An Arms Trade Treaty at last: In 2014 and after seven years of negotiations the UN General Assembly has finally agreed a binding ARMS TRADE TREATY (ATT). Although it is far from perfect the treaty is a welcome step forward and opens the way for future improvements –
In April 2013, in spite of strong opposition from arms producing countries and those with vested interests in arms manufacturing, the UN General Assembly finally agreed a legally binding Arms Trade Treaty. 154 countries voted in favour, three, North Korea, Iran and Syria – voted against while 23 countries abstained, among them Russia, China and some of the world’s leading arms producers and exporters. For the first time the United States came out in favour of the Treaty although it must be said this is probably because the terms of the treaty mirror the arms export controls that the USA already uses for its own arms exports.
The Treaty will establish common standards for the import, export and transfer of most conventional arms – including warships and battle tanks, combat aircraft and attack helicopters, as well as small arms and light weapon (assault rifles, machine guns, mortars and grenades). The Treaty does not however, cover the transfer of ammunition.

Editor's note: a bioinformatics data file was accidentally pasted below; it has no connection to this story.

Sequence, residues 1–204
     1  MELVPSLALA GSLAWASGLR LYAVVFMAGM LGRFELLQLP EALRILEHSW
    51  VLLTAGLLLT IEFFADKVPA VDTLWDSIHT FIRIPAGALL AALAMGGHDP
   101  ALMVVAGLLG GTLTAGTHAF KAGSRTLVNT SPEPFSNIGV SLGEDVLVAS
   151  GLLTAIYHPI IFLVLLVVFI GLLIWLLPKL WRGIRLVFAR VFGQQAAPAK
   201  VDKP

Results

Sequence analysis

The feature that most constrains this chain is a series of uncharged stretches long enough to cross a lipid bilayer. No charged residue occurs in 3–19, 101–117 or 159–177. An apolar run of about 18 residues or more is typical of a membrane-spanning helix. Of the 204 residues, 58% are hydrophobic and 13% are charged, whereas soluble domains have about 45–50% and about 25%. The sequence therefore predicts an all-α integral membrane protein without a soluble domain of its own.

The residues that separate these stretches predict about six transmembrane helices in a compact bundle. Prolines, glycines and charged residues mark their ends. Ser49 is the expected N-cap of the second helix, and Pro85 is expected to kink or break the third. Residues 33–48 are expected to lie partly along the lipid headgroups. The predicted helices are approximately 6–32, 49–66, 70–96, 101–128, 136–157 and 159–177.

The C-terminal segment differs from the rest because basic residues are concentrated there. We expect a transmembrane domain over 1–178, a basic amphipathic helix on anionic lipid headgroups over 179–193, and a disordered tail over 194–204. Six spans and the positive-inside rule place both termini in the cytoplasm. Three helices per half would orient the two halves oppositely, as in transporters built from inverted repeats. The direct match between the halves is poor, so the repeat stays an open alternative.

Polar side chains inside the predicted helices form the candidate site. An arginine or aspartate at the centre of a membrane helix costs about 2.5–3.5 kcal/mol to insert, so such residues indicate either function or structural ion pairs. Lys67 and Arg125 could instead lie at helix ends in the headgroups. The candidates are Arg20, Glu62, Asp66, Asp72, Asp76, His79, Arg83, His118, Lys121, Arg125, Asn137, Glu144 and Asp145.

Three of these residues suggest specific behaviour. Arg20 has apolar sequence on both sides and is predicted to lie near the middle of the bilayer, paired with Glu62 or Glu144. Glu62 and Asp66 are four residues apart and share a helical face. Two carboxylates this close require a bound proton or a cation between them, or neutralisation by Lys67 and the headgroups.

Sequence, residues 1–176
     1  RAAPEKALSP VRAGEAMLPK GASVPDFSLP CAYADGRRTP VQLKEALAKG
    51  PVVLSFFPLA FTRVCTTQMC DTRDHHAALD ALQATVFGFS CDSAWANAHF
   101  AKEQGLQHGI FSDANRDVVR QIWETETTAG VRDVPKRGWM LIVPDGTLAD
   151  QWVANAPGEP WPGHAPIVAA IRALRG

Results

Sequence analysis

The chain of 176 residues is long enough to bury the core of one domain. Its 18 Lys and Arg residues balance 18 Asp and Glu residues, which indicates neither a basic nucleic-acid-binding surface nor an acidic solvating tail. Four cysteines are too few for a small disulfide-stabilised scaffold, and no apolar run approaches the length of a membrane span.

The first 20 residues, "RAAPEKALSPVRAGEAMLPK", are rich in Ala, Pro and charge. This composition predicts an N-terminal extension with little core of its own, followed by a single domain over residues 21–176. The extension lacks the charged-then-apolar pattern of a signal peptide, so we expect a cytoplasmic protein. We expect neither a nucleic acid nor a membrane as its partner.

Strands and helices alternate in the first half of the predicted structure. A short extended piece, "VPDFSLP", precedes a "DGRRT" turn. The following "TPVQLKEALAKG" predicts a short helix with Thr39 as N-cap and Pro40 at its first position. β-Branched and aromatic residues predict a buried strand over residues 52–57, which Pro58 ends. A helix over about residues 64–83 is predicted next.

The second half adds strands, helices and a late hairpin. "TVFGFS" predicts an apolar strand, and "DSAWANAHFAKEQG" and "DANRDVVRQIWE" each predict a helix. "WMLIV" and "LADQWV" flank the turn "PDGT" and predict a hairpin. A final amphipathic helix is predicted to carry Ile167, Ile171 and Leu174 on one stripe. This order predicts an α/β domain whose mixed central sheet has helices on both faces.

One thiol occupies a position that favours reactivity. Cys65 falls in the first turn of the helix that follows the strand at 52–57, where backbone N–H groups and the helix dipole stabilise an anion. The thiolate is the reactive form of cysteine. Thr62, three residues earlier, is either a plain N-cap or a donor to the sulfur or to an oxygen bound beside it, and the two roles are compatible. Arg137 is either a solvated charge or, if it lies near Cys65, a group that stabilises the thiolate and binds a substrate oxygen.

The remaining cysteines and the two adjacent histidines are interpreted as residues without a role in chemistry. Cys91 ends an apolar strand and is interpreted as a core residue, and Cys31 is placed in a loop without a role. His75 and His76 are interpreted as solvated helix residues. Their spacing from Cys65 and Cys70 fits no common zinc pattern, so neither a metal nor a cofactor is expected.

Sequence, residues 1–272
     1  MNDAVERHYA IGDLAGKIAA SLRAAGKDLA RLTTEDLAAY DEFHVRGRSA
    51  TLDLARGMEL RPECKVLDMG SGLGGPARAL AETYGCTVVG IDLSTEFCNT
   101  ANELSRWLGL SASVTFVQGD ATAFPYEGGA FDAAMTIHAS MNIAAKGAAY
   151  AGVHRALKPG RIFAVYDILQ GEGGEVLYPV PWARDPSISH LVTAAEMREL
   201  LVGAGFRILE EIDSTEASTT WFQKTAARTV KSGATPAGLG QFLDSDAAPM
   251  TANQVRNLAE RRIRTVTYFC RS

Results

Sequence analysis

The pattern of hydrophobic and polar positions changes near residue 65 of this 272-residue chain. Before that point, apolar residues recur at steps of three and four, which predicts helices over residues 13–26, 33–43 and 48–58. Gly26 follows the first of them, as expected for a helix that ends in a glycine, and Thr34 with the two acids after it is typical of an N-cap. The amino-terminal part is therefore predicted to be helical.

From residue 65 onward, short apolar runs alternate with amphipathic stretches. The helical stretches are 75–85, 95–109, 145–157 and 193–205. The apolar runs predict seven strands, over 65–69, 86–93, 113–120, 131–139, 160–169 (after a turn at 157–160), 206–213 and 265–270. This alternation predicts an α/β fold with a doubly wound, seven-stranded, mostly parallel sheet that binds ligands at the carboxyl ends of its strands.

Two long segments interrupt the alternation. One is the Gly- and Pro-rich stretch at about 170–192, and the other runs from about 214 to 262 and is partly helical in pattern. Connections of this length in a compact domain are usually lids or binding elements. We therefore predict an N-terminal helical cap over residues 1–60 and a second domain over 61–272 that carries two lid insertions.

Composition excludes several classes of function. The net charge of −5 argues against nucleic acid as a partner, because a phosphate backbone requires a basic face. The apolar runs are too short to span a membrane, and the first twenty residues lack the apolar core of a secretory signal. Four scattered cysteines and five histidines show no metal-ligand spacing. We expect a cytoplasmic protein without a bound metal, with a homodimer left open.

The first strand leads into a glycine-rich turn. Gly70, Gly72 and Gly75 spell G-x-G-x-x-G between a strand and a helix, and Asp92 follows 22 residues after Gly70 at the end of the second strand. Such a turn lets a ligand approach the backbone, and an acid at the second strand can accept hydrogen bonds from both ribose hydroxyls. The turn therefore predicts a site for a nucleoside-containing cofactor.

As a result of the Treaty, states will be prohibited from selling arms to countries when they know those weapons will be used to carry out genocide, crimes against humanity or war crimes. The treaty also obliges all governments to assess the risk of transferring arms to a country where they could be used to commit or facilitate serious violations of international humanitarian and human rights law.
Some groups hail its very existence as a major step forward while others see many loopholes. It is however, broadly accepted that the Treaty is far from perfect. Its terms could have been more robust and inclusive. For example, in African conflicts most deaths and injuries are caused by the small arms munitions that are excluded from the treaty. In spite of inherent weaknesses the hope is that the Treaty can, in the future, be amended, made stronger and more effective.
In spite of limitations the fact that a solid foundation for controlling the transfer of arms now exists is good news. As of April 2017, 91 member states have ratified, and another 42 states have signed but not yet ratified the ATT.